The Good Fork

22nd Aug 2006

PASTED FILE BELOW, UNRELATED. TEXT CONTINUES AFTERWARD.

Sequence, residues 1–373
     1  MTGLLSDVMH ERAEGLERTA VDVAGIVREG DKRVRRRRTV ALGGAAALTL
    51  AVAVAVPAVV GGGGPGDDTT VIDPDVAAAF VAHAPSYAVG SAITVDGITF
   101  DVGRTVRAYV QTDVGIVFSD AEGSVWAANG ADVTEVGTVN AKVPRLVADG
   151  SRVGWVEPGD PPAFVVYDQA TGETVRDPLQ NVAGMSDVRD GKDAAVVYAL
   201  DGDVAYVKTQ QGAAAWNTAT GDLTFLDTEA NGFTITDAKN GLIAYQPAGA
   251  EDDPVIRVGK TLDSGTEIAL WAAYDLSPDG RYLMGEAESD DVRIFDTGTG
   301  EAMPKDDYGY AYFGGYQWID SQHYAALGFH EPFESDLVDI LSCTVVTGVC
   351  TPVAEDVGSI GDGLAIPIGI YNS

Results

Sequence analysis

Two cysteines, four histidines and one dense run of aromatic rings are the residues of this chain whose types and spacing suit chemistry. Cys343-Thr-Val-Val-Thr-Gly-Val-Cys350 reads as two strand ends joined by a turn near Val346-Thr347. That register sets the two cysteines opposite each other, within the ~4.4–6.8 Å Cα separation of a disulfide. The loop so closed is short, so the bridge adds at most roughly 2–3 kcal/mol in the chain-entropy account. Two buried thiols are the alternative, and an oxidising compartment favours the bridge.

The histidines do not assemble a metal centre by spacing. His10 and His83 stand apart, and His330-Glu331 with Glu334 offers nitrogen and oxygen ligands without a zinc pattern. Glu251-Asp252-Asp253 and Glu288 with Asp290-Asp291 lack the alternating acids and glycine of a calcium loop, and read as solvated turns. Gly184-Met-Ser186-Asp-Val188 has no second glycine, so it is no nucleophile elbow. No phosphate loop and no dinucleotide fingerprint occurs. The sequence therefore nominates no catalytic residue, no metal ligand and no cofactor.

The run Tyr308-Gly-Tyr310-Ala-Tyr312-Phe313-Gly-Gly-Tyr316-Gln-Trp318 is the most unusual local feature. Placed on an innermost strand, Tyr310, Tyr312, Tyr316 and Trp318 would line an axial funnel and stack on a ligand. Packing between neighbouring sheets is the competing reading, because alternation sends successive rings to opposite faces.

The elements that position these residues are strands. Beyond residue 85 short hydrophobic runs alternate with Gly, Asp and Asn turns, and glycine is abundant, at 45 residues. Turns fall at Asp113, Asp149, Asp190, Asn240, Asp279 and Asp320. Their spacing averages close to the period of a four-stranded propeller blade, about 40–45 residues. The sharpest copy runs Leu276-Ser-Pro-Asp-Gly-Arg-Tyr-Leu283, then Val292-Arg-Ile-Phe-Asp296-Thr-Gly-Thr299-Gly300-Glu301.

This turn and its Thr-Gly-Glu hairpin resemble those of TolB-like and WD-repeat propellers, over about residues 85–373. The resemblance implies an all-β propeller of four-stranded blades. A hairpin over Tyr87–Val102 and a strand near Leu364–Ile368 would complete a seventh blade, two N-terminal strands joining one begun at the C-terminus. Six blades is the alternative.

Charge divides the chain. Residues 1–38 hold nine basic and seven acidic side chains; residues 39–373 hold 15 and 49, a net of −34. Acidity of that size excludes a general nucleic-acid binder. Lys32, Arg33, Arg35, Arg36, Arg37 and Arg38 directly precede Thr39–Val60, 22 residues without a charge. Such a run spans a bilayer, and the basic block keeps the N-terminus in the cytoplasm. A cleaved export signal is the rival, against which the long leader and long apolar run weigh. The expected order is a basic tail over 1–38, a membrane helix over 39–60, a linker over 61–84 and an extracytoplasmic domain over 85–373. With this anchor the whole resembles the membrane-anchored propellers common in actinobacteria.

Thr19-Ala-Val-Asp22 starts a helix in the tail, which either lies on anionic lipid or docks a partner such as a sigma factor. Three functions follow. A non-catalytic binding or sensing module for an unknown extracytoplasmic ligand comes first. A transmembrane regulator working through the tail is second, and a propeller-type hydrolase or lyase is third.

P1010041_3 I was out for a "guys night," which is what happens when your girlfriend goes out with her friends and you're expected to go out with exact same people you always do.  But when your friends are a fellow paupered chef and Jason, guys night doesn't quite mean poker and beer.  Instead, we all met at the little restaurant that was getting some big press: the Good Fork. There is a top-hatted fellow outlined in the door, which is probably the last sort of person you'll ever see carousing around inside this new Red Hook stop.  There is no faint trace of cigar smoke blackened into the ceiling or draped into the upholstery.  The Good Fork is a tad too new for that, nor is it exactly a haunt for pompous pricks--though I'm sure at some point in the history of Brooklyn a person donning a top hat has strutted around Van Brunt Street in Red Hook, but not many can be seen now.  And much like the door and our ridiculous guys night, nothing at the Good Fork makes complete sense.  And I was okay with that. The inside resembles a ship that's been capsized and left as is.  Beautiful wood arches reach toward the center of the main dinning room, and cover nearly all available walls (The bathroom is either unnecessarily ridiculous, or one of the single greatest engineering feats done to a bathroom door). And what about the food?  It's as schizophrenic as the surroundings.  They have a burger (apparently a good one), gumbo, Korean Steak and Eggs, risotto, dumplings, and hot wings all on the same menu, and it's all high class.  Deciding what food you want here sets your mind off in disparate directions and is akin to choosing whether you prefer the Beatles or beautiful women.  You'll want it all. So it feels like a boat, there are dandies on the door, and it's in Red Hook, so we did what any sensible person would do at a confusing moment like this and ordered some cocktails. P1010043_4 P1010045_1 They were rather stiff, and consequently drunk very slowly, which gave us plenty of time to pore over the menu again and again. We decided to split a couple appetizers.  Blake and I picked out the pork and chive dumplings, which we'd both read about in the numerous reviews about this place.  Better than any dumplings I've been shoveling down at Rickshaw (or even Chinatown for that matter), these were outstanding. P1010049_2 Jason picked the crab cake with chili aioli, radish sprouts, endives.  The meat was fresh and flavorful with a nice little spicy kick, and absolutely chock-full of crab meat. P1010050_3 So we'd dispensed with chopsticks and forks and moved on to the the equally hard to choose entrees.  Blake decided on the special, grilled shrimp over risotto rice with peas and other vegetables, which was perfect for the hot summer day. P1010053_1 Jason was excited about the scallops the moment he saw them on the menu, and settled on the pan-seared scallops with shrimp scallion pancakes, asparagus, and soy vinaigrette.  This was also a perfect hot summer dish. P1010054_1 I picked the Korean style Steak and Eggs with kimchi rice, because of the many rave reviews that the dish had received and my own lustful desire for kimchi.  I'd always had the pickled substance amongst Korean style dishes, noodles, or cold as a side.  But this laid underneath the steak and seeped in the juices when I started cutting.  Needless to say, this wasn't your typical greasy steak and eggs. P1010057_2 After the excellent mains done we moved on to dessert.  Luckily, the Good Fork knows when to keep it simple.  There were only three to choose from--flourless chocolate cake, an apple tart, and key lime pie--so we decided on the lot and passed each one around. P1010059_2 The Good Fork 391 Van Brunt Street Red Hook, Brooklyn (718) 643-6636.


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